Morning, noon, and night Nikki Peterson experiences varying levels of pain, according to an online article in The Root.
The pain affects her mood and how she approaches every day. What would cause this 43-year-old woman to be in such excruciating pain every day? It’s a result of her lifelong struggle with sickle cell anemia.
Sickle cell anemia is an inherited disorder that affects red blood cells. The disease name comes from the shape the red blood cells take on as they become misshaped into sickles, a C-shaped farm tool. The odd-shaped cells stick and block blood flow, slowing down the flow of oxygen and causing extreme pain. With less blood going to certain parts of the body, tissues are damaged and the pain takes hold. Sickle cell primarily affects people of African descent.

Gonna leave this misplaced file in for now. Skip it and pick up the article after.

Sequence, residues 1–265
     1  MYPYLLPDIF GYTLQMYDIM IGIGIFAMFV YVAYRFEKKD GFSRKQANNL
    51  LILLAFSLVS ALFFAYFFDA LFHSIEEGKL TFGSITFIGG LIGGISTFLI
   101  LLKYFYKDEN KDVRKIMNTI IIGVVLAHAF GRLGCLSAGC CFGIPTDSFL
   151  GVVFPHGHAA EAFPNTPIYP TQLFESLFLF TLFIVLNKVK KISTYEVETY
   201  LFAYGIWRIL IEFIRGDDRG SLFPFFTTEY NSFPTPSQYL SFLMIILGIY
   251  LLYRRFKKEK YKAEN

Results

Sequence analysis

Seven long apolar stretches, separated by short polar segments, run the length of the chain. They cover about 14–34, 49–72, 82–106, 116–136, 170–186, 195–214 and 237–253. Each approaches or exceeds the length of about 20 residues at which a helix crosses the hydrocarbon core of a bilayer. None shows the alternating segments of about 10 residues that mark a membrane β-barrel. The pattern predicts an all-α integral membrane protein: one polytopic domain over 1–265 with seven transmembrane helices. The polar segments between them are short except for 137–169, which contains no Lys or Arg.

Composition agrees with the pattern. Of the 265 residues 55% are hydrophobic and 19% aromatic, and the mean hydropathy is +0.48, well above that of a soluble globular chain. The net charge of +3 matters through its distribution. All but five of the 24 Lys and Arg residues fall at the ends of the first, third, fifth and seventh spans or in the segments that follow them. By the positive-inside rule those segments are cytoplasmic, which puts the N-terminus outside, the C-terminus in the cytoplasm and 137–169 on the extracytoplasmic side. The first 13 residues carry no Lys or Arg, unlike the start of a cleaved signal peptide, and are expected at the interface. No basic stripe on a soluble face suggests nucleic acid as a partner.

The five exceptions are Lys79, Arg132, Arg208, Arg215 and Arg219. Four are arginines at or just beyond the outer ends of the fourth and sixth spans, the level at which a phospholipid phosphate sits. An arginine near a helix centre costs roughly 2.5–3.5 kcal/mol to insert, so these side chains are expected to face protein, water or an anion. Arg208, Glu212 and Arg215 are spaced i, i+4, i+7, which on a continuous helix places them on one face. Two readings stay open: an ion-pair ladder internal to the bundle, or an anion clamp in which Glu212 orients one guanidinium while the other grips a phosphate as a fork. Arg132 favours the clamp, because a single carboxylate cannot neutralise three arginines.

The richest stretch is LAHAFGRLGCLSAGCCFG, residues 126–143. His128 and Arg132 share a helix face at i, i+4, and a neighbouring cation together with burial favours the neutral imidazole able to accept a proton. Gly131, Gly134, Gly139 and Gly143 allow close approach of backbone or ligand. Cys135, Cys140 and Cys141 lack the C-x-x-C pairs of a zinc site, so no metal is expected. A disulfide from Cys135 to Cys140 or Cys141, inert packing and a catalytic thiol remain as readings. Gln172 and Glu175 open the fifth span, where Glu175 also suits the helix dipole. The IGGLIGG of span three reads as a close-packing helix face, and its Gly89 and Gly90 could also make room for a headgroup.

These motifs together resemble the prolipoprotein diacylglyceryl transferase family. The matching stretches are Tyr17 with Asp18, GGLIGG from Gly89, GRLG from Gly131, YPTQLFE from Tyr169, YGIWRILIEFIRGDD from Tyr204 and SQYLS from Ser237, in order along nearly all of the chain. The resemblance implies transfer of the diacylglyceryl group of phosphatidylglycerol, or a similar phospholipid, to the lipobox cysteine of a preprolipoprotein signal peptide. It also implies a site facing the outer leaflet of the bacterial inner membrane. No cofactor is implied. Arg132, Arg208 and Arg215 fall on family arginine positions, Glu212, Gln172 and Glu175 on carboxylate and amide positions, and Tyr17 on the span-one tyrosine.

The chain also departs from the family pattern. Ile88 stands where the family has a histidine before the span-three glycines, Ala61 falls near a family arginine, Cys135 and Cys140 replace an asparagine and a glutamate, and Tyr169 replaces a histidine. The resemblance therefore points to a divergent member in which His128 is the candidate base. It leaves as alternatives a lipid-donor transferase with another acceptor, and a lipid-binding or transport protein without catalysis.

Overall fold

For Peterson, a good year is when the pain only puts her in the hospital four times over 12 months. A typical month is when she’s in the hospital having every last drop of blood taken from her body where her platelets and platelets are removed and then returned to her blood supply. She then sits through the transfusion of up to 12 units of packed red blood cells. How long does the process take? Two days. In addition to relieving some of her pain, the process also helps prevent strokes and additional symptoms.
This is “all in a day’s work” for this sickle cell patient. She doesn’t know life any other way, and the pain fills every waking and sleeping moment. Blood treatments and pain medications do help most patients manage the discomfort.
Peterson considers herself a voice for sickle cell patients in the US and throughout the world. To read more about Nikki Peterson’s reflections on the past and future of sickle cell research and treatments, click here.